In the last year, I’ve attended monthly meetings with the Okanogan County Broadband Action Team. The monthly meetings are open to the public and address opportunities to provide reliable, affordable internet access to rural areas. This does not always involve an internet connection to the home. In our rural area, “affordable internet access” is simply identifying what people need and creating resources to meet those needs.
Many people do not know how to create an email address to log in to a website to consult with a health care provider, pay a bill, check road conditions, find notifications for emergencies, or enjoy a video chat with a loved one. People need to know how to navigate a digital world to access basic health, employment, and education resources, in addition to emergency notifications.
In a recent broadband meeting, the North Central Washington Tech Alliance presented their efforts to provide community education and funding towards basic computer skills and digital access. The program is funded by Community Health Network of Washington, the Washington State Department of Commerce, and Thriving Together NCW. The website, ncwtechhelp.org, offers assistance in getting a free or affordable device, connecting to the internet either at home or through a public Wi-Fi spot, offers free classes in basic computer literacy, and personal assistance for digital support. During the month of September, NCWTech is providing training for “digital navigators” for community organizations.
In the Methow Valley, the Pateros Brewster Community Resource Center in Pateros is the only place I am aware of that offers a digital navigator to the community. Since 2021, the center has hosted an AmeriCorps volunteer to provide in-person training and assistance for basic computer skills. This year, Francisco Vargas is the Americorps Tech Center Navigator. The Technology Center is open Monday through Friday, 8 a.m.-4 p.m., and is located at 169 Pateros Mall, Suite A. For more information, visit paterosresource.org, or call Gene Dowers, Executive Director, at (509) 923-7460.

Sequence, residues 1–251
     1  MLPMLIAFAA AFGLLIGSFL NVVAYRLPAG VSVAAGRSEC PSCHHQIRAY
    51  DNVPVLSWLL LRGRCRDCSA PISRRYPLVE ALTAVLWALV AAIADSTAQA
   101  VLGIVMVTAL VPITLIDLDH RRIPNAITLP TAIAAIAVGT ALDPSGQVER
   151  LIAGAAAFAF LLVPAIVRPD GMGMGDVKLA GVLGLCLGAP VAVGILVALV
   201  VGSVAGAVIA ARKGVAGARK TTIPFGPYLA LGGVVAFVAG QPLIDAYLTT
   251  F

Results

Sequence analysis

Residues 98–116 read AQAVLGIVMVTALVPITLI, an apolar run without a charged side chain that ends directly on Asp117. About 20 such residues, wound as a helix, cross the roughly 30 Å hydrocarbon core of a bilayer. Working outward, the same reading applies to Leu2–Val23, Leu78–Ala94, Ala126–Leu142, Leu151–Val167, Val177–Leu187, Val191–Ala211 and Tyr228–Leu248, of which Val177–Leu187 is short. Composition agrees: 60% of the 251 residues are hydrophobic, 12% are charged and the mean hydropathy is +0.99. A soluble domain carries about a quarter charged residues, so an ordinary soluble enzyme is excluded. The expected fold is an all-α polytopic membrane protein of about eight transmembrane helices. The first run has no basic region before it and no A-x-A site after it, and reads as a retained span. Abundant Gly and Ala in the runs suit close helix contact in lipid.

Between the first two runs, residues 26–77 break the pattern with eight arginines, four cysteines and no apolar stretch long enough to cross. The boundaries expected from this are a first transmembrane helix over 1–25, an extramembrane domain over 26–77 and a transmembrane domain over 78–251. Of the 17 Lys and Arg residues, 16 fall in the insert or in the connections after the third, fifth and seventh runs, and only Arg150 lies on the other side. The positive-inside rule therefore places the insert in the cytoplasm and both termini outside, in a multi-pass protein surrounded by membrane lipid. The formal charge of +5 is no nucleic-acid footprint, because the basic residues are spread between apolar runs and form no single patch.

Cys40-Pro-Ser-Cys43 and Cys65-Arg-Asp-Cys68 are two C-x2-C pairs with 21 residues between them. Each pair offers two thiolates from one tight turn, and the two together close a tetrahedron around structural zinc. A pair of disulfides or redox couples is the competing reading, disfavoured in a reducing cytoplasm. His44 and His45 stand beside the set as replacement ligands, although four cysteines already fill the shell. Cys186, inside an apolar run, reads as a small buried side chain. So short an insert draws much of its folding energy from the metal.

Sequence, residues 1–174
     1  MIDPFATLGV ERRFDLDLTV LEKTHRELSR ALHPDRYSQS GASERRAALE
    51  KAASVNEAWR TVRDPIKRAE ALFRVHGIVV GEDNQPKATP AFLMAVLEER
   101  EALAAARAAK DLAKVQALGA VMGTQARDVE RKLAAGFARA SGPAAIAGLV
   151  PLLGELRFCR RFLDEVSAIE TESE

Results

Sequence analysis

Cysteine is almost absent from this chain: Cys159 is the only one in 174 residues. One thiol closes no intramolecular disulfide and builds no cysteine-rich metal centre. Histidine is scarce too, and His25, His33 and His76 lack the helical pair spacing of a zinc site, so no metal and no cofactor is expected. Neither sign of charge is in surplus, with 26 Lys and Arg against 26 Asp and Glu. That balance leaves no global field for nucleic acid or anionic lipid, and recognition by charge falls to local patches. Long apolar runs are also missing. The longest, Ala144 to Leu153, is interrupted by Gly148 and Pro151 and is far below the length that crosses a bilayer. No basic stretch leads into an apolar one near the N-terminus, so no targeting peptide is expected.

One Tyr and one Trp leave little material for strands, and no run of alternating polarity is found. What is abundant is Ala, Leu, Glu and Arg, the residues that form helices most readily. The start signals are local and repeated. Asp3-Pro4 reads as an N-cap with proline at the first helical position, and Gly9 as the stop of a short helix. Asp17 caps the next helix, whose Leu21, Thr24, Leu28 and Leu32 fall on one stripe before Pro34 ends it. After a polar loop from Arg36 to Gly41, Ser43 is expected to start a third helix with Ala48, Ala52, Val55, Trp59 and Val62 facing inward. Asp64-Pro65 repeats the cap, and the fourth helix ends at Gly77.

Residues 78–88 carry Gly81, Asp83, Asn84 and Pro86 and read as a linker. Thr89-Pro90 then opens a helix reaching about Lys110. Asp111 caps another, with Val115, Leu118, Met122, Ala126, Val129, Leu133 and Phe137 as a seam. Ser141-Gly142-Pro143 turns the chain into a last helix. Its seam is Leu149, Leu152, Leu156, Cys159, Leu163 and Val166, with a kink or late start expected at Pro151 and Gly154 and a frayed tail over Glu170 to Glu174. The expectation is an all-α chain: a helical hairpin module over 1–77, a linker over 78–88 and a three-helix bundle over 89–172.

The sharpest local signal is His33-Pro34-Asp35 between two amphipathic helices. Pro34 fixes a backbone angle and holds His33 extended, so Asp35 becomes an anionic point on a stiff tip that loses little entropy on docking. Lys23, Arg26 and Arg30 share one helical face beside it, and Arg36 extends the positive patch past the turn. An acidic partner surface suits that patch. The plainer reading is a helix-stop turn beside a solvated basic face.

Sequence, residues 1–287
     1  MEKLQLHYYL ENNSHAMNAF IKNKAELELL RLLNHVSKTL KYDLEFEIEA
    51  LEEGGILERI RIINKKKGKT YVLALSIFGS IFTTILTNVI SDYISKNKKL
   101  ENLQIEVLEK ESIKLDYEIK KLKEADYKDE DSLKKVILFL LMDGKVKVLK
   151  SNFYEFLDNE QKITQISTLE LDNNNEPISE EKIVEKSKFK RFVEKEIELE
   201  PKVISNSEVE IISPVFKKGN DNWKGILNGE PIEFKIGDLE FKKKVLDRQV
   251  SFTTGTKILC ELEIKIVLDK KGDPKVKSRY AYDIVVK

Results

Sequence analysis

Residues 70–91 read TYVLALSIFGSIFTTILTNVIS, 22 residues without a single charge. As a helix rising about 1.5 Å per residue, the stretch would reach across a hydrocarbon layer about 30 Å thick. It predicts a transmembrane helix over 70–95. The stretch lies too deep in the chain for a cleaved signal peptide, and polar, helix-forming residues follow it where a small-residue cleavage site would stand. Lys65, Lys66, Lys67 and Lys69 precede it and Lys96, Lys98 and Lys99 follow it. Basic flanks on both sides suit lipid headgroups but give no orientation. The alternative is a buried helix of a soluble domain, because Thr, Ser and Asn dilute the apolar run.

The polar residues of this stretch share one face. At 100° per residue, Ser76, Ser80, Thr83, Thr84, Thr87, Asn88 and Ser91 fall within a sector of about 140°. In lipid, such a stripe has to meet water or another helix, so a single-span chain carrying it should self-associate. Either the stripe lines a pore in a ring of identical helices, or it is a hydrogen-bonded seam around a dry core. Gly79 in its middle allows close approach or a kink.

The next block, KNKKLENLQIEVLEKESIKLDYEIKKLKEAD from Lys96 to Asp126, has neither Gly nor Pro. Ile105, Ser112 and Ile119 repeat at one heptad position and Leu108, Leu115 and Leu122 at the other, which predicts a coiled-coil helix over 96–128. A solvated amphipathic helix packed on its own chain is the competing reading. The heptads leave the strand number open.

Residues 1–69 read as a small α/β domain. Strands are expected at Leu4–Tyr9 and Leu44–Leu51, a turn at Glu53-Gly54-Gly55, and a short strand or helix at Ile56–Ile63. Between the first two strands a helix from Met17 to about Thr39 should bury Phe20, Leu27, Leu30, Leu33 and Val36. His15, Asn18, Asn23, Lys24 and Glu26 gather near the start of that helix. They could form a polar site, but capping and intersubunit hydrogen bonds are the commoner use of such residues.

And now to segue seamlessly from digital navigation to bird navigation. We’ve long known that birds use celestial cues such as star patterns to navigate by night. When avian night vision is interrupted by bright spotlights, birds become disorientated. Visit the Methow Dark Sky Coalition website, methowdarksky.org, for simple guidelines for outdoor lighting that will protect migrating birds.
September through October is when the birds fly south for the winter, because it’s too far to drive. We have unique access to Methow Valley ridgelines with amazing views of migrating raptors by day and songbirds at night.
To find the perfect overnight birdwatching campsite, visit the Methow Valley Ranger District office. You’ll want a campsite near a ridgeline to view the hawk migration, and a meadow where the songbirds will come to rest after a night of travel. Plan on an evening with a full moon to observe nighttime migration of songbirds. There is a campfire ban, so dress warmly and enjoy uninhibited views of the night sky.
In the past, Hawkwatch International (HWI) hosted visitors at the Chelan Ridge to talk with scientists and observe migrating hawks. After 25 years of annual research efforts, HWI decided to end their monitoring at the Chelan Ridge site. In a press release on the hawkwatch.org website, Executive Director Nikki Wayment cited limited funding as the reason for the decision.
The Birdcast migration dashboard at https://birdcast.info/ uses weather satellite data to observe nocturnal bird migration by county. According to the dashboard, almost a million migrating birds flew over Okanogan County on Sept. 7 between 7:30 p.m. and 6:20 a.m. At the peak of midnight, listen for the rush of wings.